So after 50 years of very safe operation, rates would be lower than they would have been initially and like all insurance they would go up and down as the statistics changed, after Chernobyl and the recent Japanese incident. SInce Chernobyl was a totally different design, it would have had less effect on rates. In a free market, insurance works extremely well. Even with moderate gov’t interference in auto, it still works well.

              Medical does not but there are many reasons for this, most due to gov’t policy. Flood is federal and has problems. States that interfere more in property such as LA, have more problems.

      2. Hold on, let me go get my conclusive proof from all the laissez faire markets that have ever existed, especially those since the creation of nuclear power. Oh wait – there haven’t been any.

        Still by economic theory if you remove the concepts of legal limited liability and bankruptcy, business owners would suddenly become very averse to the concept that outside torts against their businesses could destroy their personal wealth. The nature of nuclear power brings extensive risks and damages property values in the entire surrounding area and beyond, which is why it naturally triggers lawsuits every time one is built.

        The only reason nuclear power ever got any traction in the first place was due to government research, massive subsidization and limited liability, none of which would be available in a free market.

        And by the way, I’m not anti-nuke in concept. Just in execution. They have already made the investment as such that I agree it is profitable and worth continuing to use provided it is safe. And I’d support any technology advancements to make nuclear power safe enough to make the insurance not cost-prohibitive.

        1. As has been proven to you over and over and over and over and over, limited liability can exist outside government mandate.

        2. remove the concepts of … bankruptcy

          Debtors prisons FTW!!! I guess Australia and Georgia need another round of immigrants or something.

          You are an idiot.

          1. I don’t know how many times we need to discuss this. I’ve answered this every time it comes up. If someone took out a loan in bad faith, they deserve to go to jail for fraud. I would expect a free market to gravitate towards loan insurance for those who take out a loan in good faith but for whom life changes make repayment impossible.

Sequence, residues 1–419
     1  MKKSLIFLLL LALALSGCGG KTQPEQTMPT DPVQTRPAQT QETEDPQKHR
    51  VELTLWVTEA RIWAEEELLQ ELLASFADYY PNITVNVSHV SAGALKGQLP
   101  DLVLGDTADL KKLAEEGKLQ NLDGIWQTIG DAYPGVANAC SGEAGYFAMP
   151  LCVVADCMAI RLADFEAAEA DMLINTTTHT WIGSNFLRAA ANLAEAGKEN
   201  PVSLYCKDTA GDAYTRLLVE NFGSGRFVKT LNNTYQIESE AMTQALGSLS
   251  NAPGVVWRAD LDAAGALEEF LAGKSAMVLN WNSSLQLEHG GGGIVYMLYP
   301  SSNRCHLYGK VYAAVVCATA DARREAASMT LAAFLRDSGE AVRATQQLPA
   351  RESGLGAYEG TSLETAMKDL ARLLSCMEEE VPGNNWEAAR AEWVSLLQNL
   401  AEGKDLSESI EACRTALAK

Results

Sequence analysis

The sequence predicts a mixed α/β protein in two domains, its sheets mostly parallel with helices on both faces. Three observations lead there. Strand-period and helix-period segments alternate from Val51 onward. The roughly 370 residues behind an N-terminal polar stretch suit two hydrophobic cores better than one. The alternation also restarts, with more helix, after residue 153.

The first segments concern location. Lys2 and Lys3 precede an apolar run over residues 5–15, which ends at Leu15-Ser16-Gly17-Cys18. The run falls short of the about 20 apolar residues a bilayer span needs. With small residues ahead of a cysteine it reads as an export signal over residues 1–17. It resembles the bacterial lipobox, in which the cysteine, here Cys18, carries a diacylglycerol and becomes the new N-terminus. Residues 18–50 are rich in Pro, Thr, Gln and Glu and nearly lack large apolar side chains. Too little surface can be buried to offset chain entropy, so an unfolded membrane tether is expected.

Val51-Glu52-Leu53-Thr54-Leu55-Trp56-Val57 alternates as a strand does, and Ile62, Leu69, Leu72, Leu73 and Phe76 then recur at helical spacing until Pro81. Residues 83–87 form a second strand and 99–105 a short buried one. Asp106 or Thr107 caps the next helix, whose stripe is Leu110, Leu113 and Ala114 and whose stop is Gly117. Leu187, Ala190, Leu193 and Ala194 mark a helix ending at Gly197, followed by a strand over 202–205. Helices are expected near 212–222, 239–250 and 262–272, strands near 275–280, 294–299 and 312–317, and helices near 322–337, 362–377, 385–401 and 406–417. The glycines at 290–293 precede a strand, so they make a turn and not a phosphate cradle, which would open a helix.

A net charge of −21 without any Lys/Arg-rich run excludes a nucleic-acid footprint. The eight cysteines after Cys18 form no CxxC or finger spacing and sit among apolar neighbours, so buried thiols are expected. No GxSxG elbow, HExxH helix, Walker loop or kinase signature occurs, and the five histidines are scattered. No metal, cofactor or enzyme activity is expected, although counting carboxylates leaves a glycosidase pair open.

1. So you would jail someone who took out a loan in good faith but didnt buy insurance?

              Or, are you suggesting that the lender should buy the insurance? In which case, I agree, but that means that you should buy the insurance to protect yourself against the local nuke plant.

              1. Whether the lender or debtor buys the insurance is up to the parties involved, as are the penalties for failure to purchase insurance and failure to repay the loans.

                The difference is that a resident in the proximity of a nuke plant does not inherently have a contractual relationship with the nuke plant. If the nuke plant wants to contract their limited liability with each resident, I’m fine with that. I’m all for any form of privatizing liability and against any form of socializing it.

            2. I would expect a free market to gravitate towards loan insurance for those who take out a loan in good faith but for whom life changes make repayment impossible.

              We already have that, it’s called “high interest rates”.

              Free markets would probably tend toward some form of indentured servitude type thing, so long as that wasn’t forbidden by law (in which case it wouldn’t really be a free market).

              1. High insurance rates are a way for the lenders to balance out non-repayments and bankruptcies, but a society without legal bankruptcy would deter people from taking out loans they can’t afford in the first place. If they know they can’t afford it and they sign a contract, they have committed fraud, no matter how much society has tried to pretend they aren’t.

                1. If they know they can’t afford it and they sign a contract, they have committed fraud

                  You hit upon the key element…mens rea. I think those cases are much rarer than you do, apparently. And proving mens rea is even less likely than that.

                2. Also, if we want to get rid of bankruptcy and make loans more free market, then we get go with the Lysander Spooner suggestion: All debts are cancelable by the borrower at any time. Period. No recourse for the lender. Ever.

                  If collateral wasnt built into the contract, you are SOL. It was a risk you took at the time, price the interest accordingly. Of course, if you walked out on a loan, try getting another one…ever. Unlike in Spooner’s time, credit bureaus now exist.

                  1. Why do you hate the modern Western economic system?

                    If every loan required collateral of equal value, that would slow lending to a snail’s pace. Welcome to 1300 AD.

                    1. Require collateral? Who said anything about that?

                      Currently credit cards, for example, give loans without collateral and are at risk of bankruptcies wiping out the debt. The difference with Spooner’s suggestion is that there is no formal government bankruptcy proceeding. You just declare it void and wipe it. And your credit gets destroyed (there would be no mandated seven years and off the books) and no one loans you money, at least not without collateral this time.

                      Also, as the recent housing crisis has shown, even in non-recourse states, banks are more than willing to loan amounts larger than the value of the collateral.